CSE Project #18: Smart, Programmable Memory Controllers (Computer Architecture Project)

Faculty Mentor: Todd Austin (austin@umich.edu, http://www.eecs.umich.edu/~taustin

Prerequisites: EECS 370, C++ programming, operating system experience

Description: Scaling the performance and power of future computing systems has become a great challenge, due to slowing silicon scaling performance, long memory delays and lack of thread-level parallelism. This project will focus on reducing memory delays by eliminating much of the memory communication. We do this by moving the computation to the memory unit, by building smart accelerated memory controllers that are embedded in next-generation 3D memory stacks. The controller are programmed using existing well-established distributed paradigms (e.g., MapReduce, MPI). Students working on this project will need to understand the architectural components as well as perform low-level C++ programming of the memory controllers, and develop operating system driver interfaces to these new facilities.

CSE Project #19: Location privacy protection for smartphone users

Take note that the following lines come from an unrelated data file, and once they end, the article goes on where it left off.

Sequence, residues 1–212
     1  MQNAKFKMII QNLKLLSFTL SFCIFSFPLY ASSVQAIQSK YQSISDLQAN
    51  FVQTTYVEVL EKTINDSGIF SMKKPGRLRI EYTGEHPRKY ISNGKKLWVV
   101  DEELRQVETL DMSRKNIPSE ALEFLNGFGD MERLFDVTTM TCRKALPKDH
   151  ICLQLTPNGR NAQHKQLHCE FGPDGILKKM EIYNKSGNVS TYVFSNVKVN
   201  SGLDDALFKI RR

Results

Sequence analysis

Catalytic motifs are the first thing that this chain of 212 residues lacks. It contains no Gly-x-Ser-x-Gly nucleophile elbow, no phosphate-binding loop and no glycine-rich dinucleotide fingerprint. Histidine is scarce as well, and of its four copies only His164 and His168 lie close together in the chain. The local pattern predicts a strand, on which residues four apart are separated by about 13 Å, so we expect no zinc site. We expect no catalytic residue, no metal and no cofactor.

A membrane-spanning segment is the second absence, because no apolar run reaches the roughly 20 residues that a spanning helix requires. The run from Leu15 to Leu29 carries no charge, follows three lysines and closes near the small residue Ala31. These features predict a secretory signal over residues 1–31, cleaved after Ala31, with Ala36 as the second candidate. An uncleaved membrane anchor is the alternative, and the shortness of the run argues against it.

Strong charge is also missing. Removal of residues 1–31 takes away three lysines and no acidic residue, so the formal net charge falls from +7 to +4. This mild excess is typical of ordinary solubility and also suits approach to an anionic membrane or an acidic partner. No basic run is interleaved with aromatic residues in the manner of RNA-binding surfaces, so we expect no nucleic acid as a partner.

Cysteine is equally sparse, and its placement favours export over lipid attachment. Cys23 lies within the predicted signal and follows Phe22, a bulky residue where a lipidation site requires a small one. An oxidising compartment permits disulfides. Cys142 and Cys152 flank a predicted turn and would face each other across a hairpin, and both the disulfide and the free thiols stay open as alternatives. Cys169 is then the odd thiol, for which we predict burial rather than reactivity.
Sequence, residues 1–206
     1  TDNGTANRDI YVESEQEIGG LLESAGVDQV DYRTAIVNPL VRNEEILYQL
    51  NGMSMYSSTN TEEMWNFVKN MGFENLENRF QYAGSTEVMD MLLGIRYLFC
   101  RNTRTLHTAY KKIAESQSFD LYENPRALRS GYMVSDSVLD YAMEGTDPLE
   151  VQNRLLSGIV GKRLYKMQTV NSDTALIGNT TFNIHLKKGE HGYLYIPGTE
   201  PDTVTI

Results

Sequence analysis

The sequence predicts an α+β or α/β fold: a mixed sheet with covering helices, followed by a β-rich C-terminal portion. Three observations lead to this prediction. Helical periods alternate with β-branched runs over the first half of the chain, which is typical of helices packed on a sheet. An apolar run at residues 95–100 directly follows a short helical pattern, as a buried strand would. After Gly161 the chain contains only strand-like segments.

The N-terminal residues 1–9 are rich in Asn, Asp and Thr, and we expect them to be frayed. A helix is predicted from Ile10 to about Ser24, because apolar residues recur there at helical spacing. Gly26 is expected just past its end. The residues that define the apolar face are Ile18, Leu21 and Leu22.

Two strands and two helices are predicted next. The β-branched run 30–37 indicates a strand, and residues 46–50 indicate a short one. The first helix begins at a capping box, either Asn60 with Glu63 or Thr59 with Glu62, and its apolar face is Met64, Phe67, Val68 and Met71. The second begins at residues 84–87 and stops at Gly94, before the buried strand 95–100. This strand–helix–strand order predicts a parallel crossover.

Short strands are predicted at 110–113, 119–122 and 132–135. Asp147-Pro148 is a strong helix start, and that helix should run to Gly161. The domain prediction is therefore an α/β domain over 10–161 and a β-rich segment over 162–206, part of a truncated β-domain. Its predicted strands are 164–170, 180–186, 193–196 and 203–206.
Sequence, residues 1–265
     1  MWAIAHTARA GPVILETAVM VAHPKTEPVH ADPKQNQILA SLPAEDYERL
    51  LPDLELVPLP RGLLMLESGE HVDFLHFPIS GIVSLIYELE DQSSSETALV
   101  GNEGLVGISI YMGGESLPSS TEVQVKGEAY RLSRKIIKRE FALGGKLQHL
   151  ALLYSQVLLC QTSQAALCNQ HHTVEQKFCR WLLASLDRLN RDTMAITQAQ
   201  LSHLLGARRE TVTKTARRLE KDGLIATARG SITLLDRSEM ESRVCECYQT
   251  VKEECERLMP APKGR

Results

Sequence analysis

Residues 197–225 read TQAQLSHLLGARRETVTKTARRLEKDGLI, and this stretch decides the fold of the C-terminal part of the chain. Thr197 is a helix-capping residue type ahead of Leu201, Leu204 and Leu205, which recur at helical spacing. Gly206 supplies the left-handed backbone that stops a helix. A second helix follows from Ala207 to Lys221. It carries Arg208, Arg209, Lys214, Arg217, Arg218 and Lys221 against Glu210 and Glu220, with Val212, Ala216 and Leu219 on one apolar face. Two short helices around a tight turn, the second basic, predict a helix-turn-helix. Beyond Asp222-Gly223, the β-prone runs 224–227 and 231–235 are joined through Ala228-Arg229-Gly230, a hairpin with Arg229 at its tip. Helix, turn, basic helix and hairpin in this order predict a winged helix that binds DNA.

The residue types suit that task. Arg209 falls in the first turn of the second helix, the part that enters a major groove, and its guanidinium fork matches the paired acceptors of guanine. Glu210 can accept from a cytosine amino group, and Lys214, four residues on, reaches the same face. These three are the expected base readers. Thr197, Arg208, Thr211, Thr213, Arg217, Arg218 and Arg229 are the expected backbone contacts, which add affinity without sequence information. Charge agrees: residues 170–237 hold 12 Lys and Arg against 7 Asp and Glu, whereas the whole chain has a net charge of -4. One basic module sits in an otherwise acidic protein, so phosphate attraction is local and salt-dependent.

Faculty Mentor: Kang G. Shin (kgshin@eecs.umich.edu)

Prerequisites: Some knowledge of mobile applications, security, cryptography, wireless networks, operating systems will help.

Description: Mobile apps that we run as part of our daily life access our location continuously; for example, a weather app accesses location every 5 minutes. This frequent location access will allow apps to identify places that users visit including home, work, bars, malls, etc. A service provider can use these places to learn more about the user (e.g., religion, health, socio-economic status, etc.). In this project, we aim to prevent such apps from learning sensitive information about users through supplying them with fake locations. Specifically, we want to implement a mechanism on Android in which apps will receive a set of fake locations along with the real location. This task, however, is challenging as supplying the app with a set of locations and still maintaining app’s normal operation is not straight-forward. As such, we are looking for a qualified and well-motivated student to contribute to the design and implementation of this mechanism. The student needs to be well-versed in Android programming and have good knowledge about the internals of the Android platform. It is also preferable that the student has good writing skills.

CSE Project #20: Hacking Random Number Generators

Faculty Mentor: Yaoyun Shi (shiyy@umich.edu)

Prerequisites: A- or above on EECS 281, A or above in stats/probability

Description: Random numbers are vital resources for information security. Random number generators are ubiquitous in modern day computing and communication devices. They are used to generate cryptographic keys and for secure Internet connections. This project aims to examine the security of mainstream RNGs. A strong background in probability and statistics and the ability to translate ideas into working codes is a must.